However. I had a grandmother who taught me how to be a good mother and I am so very grateful for her. One of the most important things she ever taught me was that yes, you can love someone unconditionally, but that you can still expect 100% from that person. It took me years to learn that – I was in my late 20s before I accepted the fact that I would do things in which she would disapprove or even be disappointed about, but regardless, she still LOVED me.

    I hope that makes sense. In short, my grandma taught me to love my kids to their very core, but to still expect certain things from them. My husband thinks I am too hard on them sometimes, but I know that if I don’t expect 100%, I will have let them down. I don’t want to my kids’ friend, I want to be their parent.

  • JB

    October 27, 2010 at 2:28 pm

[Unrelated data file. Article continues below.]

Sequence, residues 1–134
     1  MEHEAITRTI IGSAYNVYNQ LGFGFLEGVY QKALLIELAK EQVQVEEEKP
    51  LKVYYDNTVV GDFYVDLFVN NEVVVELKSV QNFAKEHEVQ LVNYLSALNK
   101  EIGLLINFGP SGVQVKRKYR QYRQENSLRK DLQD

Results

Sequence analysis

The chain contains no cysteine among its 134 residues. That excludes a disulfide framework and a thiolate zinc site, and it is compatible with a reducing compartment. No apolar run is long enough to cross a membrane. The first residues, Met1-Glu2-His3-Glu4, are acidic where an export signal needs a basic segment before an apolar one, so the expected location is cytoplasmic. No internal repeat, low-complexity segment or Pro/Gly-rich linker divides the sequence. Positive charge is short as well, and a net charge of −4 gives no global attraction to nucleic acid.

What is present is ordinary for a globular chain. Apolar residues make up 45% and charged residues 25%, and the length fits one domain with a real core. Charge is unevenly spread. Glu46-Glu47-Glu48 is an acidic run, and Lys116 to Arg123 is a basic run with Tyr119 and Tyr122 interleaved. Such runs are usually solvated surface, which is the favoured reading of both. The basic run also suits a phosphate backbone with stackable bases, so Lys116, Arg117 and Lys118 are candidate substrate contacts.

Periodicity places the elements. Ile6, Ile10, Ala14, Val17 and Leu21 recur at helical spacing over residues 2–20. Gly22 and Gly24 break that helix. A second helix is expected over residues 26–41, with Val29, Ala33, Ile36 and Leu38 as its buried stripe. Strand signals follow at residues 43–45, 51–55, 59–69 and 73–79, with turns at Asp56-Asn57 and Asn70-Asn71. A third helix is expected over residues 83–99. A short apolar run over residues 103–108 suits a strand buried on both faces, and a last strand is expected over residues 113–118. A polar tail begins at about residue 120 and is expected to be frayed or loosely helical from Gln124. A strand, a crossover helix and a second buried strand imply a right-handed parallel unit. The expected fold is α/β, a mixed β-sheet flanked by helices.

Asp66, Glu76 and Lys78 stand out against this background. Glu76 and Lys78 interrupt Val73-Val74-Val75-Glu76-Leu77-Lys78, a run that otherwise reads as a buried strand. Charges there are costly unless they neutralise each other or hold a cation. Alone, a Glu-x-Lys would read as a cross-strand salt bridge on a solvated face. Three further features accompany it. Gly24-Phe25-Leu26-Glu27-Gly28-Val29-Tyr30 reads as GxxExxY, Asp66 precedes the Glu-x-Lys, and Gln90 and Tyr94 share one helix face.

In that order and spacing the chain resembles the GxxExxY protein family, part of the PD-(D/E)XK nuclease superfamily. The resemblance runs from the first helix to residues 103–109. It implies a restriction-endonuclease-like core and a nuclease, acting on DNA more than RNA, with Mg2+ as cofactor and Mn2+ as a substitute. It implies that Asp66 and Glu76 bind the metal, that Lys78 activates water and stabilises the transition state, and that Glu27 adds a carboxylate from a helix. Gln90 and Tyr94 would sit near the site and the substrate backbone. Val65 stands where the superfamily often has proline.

That juice box idea is GENIUS….that’s all I have to add also.

    (@Anonymous just FYI your picture still shows). :-X.

  • andrea

    October 27, 2010 at 2:47 pm

    My mom is a leader and though I am definitely not I learned an awful lot about how to be one in spite of myself. She also taught me the importance of being both educated and open minded. She taught me how to cook and the wonderfulness in spices. My grandmother taught me how to love with all your heart and to appreciate all the wonderful simple things in life. She taught me that its okay to be yourself.. to be the clown and how important it is to be the first to go up to someone and make them feel included. I have always felt very special to have such great ladies in my life.

  • annemarie

    October 27, 2010 at 5:39 pm

    My mom taught me to make it work (like Tim Gunn!). She was far from her family, my dad worked a lot, and her daughters were weeds (we’re both over 6 feet tall). She taught herself to cook, to sew, and to live in the northern Canadian winter after growing up in California.

  • Kerry

    October 27, 2010 at 5:50 pm

    My mom taught me to keep my composure and stay calm even in life’s most difficult situations. She has always been so mellow and easy-going. If I get really mad and feel like screaming and ranting and whining, I just think about how I would feel if my mom behaved that way.